Yellow-banded Poison Frog

(Dendrobates leucomelas)


Facts

Yellow-banded Poison Frog IUCN LEAST CONCERN (LC)

 

Facts about this animal

31-38 mm long, some reach 50 mm. Black dorsally with three broad crossbands colored bright yellow, yellow-orange, or orange; black spots or blotches are often present in the crossbands as well as on the yellow or orange limbs. The belly is black and usually lacks color. All markings are variable, making each frog unique. Equally unique is the presence of glandular adhesive pads on the toes and fingertips, helping D. leucomelas to climb and stay in stationary positions. It is an insectivore (mostly ants, but also termites, tiny beetles, crickets, and other small insects and spiders) and is diurnal. During the breeding season from February to March males will chirp, buzz, trill, and hum to get females attention after sunrise and before sunset. The females compete for males, and the terrestrial eggs (2 to 12 eggs per clutch) are guarded by the male parent in a moist, sheltered area. The male rotates the eggs every so often so that they receive enough oxygen. Once they hatch, the tadpoles are carried on the father's back to small pools of water where they continue to develop. Metamorphosis takes 70 to 90 days.

Did you know?
It is the only poison frog known to estivate during the dry season. They congregate under rocks and fallen tree-trunks.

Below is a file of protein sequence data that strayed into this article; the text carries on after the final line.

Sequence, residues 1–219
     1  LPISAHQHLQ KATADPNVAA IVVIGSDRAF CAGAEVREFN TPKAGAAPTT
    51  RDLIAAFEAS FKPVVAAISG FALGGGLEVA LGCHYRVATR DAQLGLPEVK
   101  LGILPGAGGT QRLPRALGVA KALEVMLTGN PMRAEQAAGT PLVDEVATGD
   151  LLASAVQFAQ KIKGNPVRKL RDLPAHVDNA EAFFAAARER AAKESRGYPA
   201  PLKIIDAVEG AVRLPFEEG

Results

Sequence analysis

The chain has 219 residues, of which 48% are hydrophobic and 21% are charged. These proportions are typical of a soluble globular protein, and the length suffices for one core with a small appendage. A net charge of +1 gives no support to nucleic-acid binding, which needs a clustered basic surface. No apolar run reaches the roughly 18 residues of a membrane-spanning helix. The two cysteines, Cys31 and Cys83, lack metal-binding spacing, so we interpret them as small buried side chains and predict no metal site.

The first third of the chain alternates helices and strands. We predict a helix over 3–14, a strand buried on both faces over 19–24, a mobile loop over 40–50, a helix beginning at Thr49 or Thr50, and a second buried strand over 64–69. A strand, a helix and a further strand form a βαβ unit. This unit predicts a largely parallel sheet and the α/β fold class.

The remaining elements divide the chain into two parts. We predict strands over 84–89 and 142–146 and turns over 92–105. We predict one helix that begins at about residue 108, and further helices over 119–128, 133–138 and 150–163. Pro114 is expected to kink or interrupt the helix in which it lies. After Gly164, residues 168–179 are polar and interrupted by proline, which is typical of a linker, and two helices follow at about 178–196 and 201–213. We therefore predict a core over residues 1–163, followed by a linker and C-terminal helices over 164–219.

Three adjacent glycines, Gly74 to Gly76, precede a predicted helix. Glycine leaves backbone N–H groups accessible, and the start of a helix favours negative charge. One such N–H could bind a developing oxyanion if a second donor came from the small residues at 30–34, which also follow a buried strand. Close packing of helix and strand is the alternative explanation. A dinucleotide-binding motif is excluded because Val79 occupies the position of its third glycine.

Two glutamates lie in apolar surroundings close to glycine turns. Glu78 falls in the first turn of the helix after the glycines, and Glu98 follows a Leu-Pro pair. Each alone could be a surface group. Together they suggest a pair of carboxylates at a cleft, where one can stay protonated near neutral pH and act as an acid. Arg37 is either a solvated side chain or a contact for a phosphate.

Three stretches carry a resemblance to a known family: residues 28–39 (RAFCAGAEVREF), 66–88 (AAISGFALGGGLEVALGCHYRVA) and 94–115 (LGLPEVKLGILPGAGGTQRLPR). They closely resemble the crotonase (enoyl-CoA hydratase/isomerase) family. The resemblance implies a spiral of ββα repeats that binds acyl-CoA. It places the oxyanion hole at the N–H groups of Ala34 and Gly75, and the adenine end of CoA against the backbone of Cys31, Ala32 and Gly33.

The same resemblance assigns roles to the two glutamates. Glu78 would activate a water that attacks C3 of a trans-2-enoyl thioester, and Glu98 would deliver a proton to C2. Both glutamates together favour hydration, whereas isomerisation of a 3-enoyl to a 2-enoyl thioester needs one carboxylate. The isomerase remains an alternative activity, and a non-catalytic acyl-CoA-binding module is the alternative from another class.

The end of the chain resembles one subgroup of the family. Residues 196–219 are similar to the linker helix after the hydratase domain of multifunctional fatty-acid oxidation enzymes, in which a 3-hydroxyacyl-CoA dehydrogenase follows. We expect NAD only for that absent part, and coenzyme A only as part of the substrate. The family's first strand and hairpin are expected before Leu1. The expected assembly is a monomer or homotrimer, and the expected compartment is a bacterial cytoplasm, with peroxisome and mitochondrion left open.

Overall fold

Factsheet
Class AMPHIBIA
Order ANURA
Suborder NEOBATRACHIA
Family DENDROBATIDAE
Name (Scientific) Dendrobates leucomelas
Name (English) Yellow-banded Poison Frog
Name (French) Rainette jaguar
Name (German) Gelbgebänderter Baumsteiger
Name (Spanish) Rana flecha amarilla
CITES Status Appendix II
CMS Status Not listed

 

 

Photo Copyright by
© Brian Gratwicke

Distribution

 


Distribution
Range Brazil, Colombia, Guyana, Venezuela
Habitat D. leucomelas prefers moist or wet, forested, lowland regions and temperatures often reaching 30° C or warmer, between 50 and 800 meters above sea level in leaf litter, fallen trees, forest floors, stones and occasionally trees, near rivers and rivulets.
Wild population It is a common species. In general, Dendrobatids are exploited for the pet trade and they could face declines unless strict trade regulations are set. Their habitat is also being destroyed by timber industries and agriculture.The population trend is stable (Red List IUCN 2012)
Zoo population 761 reported to ISIS (2007).

In the Zoo

Yellow-banded Poison Frog

 

How this animal should be transported

For air transport, Container Note 45 of the IATA Live Animals Regulations should be followed.

 

Find this animal on ZooLex

 

Photo Copyright by
© Brian Gratwicke

Why do zoos keep this animal

Neotropical frogs are threatened by habitat distruction, disease and other factors. Zoos and aquariums keeping these species want to build up reserve populations and to raise awareness of the global amphibian crisis. Several zoos have also linked their ex situ activities with involvement in in situ conservation.